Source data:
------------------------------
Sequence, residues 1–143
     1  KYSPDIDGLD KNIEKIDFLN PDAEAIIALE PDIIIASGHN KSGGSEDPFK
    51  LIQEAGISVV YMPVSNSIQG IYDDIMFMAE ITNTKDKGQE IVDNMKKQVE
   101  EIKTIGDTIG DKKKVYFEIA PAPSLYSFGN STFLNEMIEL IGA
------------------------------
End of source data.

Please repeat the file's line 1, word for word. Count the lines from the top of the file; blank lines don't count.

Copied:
Sequence, residues 1–143